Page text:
InterTradeIreland offer two Brexit Vouchers – a planning voucher which provides 100% financial support towards professional advice to help Businesses identify Brexit exposures and to plan.

The second “implementation” voucher provides financial support up to £5,000/€5,625, which allows businesses to implement critical changes making them better prepared to deal with a new trading relationship post-Brexit. InterTradeIreland pay 50% of the cost of this voucher.

Expenditure to date in 2019: £860,000.

Pilot Online Retail Scheme administered by Enteprise Ireland

Eleven retailers were awarded funding in March 2019 as part of the new €1.25m fund, with €625,000 available under the first competitive call to support retail businesses to strengthen their online offering. There will be a second competitive call in 2019 with a fund of €625,000.

Scheme

Uptake (20 May 2019)

620 applications received, 563 approved by SBCI, 132 Loans progressed to sanction at bank level to a value of €28.997 million.

Brexit Loan Scheme

(Uptake as of 17 May 2019)

Enterprise Ireland Brexit Scorecard - online platform for Irish companies to self-assess their exposure to Brexit

5,227 Brexit Scorecards have been completed. 1043 LEO clients have completed the scorecard.

Enterprise Ireland Be Prepared Grant

194 Be Prepared Grants have been approved

Enterprise Ireland Market Discovery Fund - A support to EI clients to research new markets

154 projects have been approved under this initiative[1]

Enterprise Ireland Prepare to Export Scorecard

3,447 Prepare to Export Scorecards have been completed

Enterprise Ireland Customs Insights Online Course

1,240 Customs Insights Course participants

Enterprise Ireland Agile Innovation Fund - Gives rapid fast-track access to innovation funding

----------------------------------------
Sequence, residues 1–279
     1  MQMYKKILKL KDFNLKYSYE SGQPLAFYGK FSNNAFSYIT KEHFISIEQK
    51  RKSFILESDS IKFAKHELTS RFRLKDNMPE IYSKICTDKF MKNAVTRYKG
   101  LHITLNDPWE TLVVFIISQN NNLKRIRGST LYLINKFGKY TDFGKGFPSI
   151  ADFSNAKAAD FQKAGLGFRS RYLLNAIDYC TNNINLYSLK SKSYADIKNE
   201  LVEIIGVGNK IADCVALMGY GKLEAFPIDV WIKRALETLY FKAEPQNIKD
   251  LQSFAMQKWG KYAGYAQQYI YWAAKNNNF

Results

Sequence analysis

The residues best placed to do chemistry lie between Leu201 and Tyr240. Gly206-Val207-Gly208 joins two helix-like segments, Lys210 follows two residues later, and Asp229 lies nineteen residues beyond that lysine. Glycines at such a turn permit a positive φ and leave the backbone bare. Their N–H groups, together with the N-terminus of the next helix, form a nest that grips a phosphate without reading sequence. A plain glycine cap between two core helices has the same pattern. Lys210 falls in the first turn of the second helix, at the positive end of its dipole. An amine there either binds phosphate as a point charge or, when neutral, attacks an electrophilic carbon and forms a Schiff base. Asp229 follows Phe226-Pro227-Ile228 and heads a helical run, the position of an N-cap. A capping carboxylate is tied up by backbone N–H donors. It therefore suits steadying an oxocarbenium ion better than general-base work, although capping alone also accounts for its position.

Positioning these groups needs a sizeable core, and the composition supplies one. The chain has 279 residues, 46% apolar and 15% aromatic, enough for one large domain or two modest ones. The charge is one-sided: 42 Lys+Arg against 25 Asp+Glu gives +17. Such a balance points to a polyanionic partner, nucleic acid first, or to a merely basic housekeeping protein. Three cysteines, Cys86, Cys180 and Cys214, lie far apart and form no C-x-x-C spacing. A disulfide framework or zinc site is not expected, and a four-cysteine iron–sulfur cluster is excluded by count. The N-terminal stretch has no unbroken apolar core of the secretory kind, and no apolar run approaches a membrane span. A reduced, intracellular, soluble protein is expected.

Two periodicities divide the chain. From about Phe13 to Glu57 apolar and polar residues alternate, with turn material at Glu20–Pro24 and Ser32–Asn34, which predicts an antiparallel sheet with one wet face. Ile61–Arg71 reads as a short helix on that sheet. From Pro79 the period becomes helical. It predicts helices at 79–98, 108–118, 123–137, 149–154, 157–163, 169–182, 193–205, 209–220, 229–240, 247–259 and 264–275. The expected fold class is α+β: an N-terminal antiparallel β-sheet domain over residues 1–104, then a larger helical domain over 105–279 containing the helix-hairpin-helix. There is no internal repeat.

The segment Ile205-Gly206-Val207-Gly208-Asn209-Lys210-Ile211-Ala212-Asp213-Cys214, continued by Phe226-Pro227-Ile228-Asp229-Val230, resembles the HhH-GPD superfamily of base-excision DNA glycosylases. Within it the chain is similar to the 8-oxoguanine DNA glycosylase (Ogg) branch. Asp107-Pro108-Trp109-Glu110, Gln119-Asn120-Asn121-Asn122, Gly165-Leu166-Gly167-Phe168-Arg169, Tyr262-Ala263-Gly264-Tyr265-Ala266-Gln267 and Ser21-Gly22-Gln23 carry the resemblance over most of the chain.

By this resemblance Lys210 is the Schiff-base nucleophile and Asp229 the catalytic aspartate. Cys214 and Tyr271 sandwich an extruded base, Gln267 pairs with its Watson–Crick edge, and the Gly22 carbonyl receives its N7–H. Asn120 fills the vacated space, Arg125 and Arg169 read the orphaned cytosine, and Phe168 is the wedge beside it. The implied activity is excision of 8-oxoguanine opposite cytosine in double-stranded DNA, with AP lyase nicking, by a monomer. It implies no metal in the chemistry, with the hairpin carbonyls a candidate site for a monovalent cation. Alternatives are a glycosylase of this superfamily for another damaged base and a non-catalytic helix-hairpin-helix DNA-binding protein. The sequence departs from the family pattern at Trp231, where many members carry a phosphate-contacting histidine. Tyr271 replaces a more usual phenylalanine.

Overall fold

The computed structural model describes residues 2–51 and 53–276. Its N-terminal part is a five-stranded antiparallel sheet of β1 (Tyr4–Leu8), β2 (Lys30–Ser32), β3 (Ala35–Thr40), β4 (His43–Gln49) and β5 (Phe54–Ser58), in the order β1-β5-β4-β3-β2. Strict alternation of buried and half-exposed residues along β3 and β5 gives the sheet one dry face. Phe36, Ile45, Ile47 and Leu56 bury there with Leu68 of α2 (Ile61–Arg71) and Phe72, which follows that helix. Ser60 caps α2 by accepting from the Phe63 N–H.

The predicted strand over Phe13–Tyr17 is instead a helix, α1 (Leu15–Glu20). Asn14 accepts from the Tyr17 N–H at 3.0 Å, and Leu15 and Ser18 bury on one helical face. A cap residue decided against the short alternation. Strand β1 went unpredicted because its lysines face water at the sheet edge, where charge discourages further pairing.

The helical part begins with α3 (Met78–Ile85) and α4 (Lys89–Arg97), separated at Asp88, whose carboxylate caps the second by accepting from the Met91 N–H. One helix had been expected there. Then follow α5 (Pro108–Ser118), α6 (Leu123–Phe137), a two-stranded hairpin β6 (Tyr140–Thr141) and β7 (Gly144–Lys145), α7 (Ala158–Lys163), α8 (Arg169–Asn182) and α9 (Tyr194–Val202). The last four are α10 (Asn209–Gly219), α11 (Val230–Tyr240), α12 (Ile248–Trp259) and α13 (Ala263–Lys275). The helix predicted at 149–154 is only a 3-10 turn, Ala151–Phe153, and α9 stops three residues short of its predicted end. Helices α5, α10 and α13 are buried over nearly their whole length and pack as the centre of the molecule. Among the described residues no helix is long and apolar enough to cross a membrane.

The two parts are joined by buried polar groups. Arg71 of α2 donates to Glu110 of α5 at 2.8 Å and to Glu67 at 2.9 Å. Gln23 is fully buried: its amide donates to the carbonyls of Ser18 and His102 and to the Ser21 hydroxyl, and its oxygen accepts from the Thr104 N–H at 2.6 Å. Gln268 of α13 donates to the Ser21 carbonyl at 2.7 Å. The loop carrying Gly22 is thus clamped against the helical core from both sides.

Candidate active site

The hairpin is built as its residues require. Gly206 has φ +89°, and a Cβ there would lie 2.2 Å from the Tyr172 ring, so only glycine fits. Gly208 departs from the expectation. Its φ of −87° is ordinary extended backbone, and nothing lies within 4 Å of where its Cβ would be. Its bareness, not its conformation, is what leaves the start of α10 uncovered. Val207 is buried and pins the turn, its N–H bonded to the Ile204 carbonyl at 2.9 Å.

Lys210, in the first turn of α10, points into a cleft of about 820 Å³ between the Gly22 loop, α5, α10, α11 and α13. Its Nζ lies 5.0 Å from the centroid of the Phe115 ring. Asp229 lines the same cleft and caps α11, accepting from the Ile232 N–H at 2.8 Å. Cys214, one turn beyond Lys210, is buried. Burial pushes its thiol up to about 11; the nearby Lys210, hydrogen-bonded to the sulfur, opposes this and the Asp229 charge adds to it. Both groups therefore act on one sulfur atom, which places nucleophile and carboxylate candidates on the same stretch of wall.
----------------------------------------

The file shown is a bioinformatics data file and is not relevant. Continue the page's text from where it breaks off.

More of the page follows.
48 Agile Innovation projects have been approved

Enterprise Ireland Brexit Advisory Clinics

16 Brexit Advisory Clinics have been run with over 1,200 in attendance

Enterprise Ireland Brexit “Act On Programme” – A support funding the engagement of a consultant to devise report with recommendations to help clients address weaknesses and improve resilience

240 “Act on” Plans have been completed

Enterprise Ireland Strategic Consultancy Grant – A grant to assist EI clients to hire a strategic consultant for a set period

1,067 Strategic Consultancy Grants have been approved[2]

Local Enterprise Office Technical Assistance Grant for Micro Export - an incentive for LEO clients to explore and develop new market opportunities

571 clients were approved assistance under the Technical Assistance Grant (end April 2019)[3]

Local Enterprise Office LEAN for Micro - The LEO Lean4Micro offer was developed in collaboration between the EI Lean department and the LEOs to tailor the EI Lean offer for LEO micro enterprise clients

308 LEO clients have participated in the programme (end March 2019)

Local Enterprise Office Mentoring

616 mentoring participants solely focused on Brexit (end March 2019)

Local Enterprise Office Brexit Seminars/Events

4,385 Participants at the Brexit Information events (end March 2019)

Customs Training Participants

249 Participants attended Customs Training

InterTradeIreland Brexit Advisory Service

3,011 SMEs have directly engaged with the Brexit Advisory Service in 2019. This is in addition to the 4,175 engagements in 2018.